An Illusion Review by Joan Ellis
What a pleasure to watch a top flight cast create a movie that wins on every level. It’s Susan Sarandon’s story, no question about that, but in her wackily wonderful performance, she has great support from everyone else on screen. Let’s take a look at the wacky aspect.
The movie opens on Marnie Minervini (Susan Sarandon} as she unleashes a monologue in one of those New Jersey accents everyone who doesn’t live there thinks belongs to everyone who does. Marnie’s husband Joe has died and she is moving to California to be near her daughter Lori (Rose Byrne) who works as a writer in the production side of television. We suffer an initial wave of worry that this will be the conventional story of a mother driving her daughter crazy, but don’t waste a minute on that. This mother is in Susan Sarandon’s hands and she makes Marnie an original in every imaginable way.
Daughter Lori, sunk in misery after being unloaded by her boyfriend, is trying desperately to limit the interventions of her concerned mother. She tells Marnie to get busy, to find a life for herself. That’s what this film is about. A woman alone in her 60s with Marnie’s great big generous heart needs to help people, and she sets out to find them. Freddy (Jerrod Carmichael) a worker in an Apple store, Jillian (Cecily Strong), a friend of Lori’s who can’t afford a nice wedding. Marnie, who never for a moment stops talking and advising, becomes part of each of their lives until finally she realizes she can’t live just through other people. She has been busy but sad and emotionally alone.
When two men show interest in the spirited widow, she instinctively withdraws from each. She misses Joe. When Zipper (J.K.Simmons) takes her for a ride on his Harley Davidson, we are given the beginnings of one of the gentlest, most touching courtships to grace the screen in a long time. Sarandon and Simmons create something rare and real.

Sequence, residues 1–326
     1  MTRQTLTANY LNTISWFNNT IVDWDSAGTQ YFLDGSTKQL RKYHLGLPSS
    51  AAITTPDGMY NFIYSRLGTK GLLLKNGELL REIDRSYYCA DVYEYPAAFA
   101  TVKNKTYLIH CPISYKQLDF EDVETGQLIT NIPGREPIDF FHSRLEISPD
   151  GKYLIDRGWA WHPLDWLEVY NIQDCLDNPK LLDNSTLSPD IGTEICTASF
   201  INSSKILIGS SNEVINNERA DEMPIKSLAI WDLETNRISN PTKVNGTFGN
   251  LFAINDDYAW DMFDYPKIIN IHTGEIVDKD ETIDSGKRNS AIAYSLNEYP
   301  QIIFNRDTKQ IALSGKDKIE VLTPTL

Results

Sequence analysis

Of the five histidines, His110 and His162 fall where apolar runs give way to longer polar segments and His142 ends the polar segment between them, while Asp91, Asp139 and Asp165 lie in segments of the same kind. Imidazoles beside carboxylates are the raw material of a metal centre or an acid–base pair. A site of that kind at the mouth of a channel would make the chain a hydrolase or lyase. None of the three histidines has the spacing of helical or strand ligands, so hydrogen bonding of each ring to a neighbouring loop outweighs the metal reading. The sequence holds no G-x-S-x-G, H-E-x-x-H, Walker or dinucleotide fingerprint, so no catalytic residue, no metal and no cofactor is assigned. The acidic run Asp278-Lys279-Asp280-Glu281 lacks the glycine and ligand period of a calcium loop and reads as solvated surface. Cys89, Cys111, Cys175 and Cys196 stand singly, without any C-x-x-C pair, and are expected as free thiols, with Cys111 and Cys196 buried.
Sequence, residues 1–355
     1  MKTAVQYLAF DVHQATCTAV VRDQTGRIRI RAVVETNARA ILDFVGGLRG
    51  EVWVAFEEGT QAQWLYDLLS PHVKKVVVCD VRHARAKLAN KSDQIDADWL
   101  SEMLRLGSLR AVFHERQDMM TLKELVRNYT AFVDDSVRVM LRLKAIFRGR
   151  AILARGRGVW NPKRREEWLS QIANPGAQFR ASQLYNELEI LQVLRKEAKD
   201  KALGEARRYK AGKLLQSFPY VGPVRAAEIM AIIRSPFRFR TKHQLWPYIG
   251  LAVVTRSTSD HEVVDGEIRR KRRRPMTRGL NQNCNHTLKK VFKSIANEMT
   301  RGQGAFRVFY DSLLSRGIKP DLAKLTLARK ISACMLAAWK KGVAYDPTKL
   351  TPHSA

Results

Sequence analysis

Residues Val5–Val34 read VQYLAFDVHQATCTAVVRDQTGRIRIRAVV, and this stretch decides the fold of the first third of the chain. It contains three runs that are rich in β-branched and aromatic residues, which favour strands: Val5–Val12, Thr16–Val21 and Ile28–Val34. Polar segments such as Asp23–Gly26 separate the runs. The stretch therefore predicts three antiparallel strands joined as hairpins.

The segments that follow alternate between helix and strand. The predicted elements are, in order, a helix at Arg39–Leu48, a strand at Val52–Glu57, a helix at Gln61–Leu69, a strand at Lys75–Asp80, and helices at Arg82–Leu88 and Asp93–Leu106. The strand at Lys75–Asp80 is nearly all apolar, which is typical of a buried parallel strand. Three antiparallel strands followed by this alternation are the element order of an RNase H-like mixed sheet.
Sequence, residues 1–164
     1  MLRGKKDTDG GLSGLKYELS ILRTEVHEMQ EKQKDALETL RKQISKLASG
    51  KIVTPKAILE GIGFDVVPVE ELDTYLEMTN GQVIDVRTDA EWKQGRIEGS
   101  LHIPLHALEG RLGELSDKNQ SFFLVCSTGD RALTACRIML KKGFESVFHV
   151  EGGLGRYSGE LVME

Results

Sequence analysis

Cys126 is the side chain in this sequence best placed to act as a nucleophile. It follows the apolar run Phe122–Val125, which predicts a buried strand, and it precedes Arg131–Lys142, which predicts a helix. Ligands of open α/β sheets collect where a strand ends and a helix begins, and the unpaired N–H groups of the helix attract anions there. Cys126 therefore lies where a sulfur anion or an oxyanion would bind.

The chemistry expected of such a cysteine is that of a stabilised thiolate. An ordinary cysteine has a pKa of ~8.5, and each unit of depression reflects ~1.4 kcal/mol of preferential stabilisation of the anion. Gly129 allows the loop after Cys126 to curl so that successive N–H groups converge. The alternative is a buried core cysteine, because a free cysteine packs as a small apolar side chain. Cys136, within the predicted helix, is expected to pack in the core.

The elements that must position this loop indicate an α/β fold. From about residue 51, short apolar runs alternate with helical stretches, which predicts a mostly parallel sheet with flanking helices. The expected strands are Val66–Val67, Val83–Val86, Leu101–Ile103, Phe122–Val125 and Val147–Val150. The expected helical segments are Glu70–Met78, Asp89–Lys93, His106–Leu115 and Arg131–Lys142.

The wonder here is that the acting is so good that people of different ages seem to relate quite naturally to different characters. Older women feel Marnie’s aloneness; younger women understand Lori’s need for privacy from the mother she loves. A man nearby in the audience teared up gently because “It’s so real.” In writing this story about her zany mother, writer/director Lorene Scafaria has given us the pleasure of watching people of good will work things out with the people they love. It becomes obvious why this works so well: there are no villains here.
I can’t imagine another set of actors being able to bring this family story to such funny, lovely life. Susan Sarandon, Rose Byrne, J.K. Simmons, and Cecily Strong have made a wistful family comedy take flight for all of us. They’ve given us a genuine flash of light right in the middle of the summer doldrums. Don’t miss it.
Film Critic : JOAN ELLIS
Film Title : The Meddler
Word count : 497
Distributor : Sony Pictures Classics :
Running time : 1:40
Rating : PG-13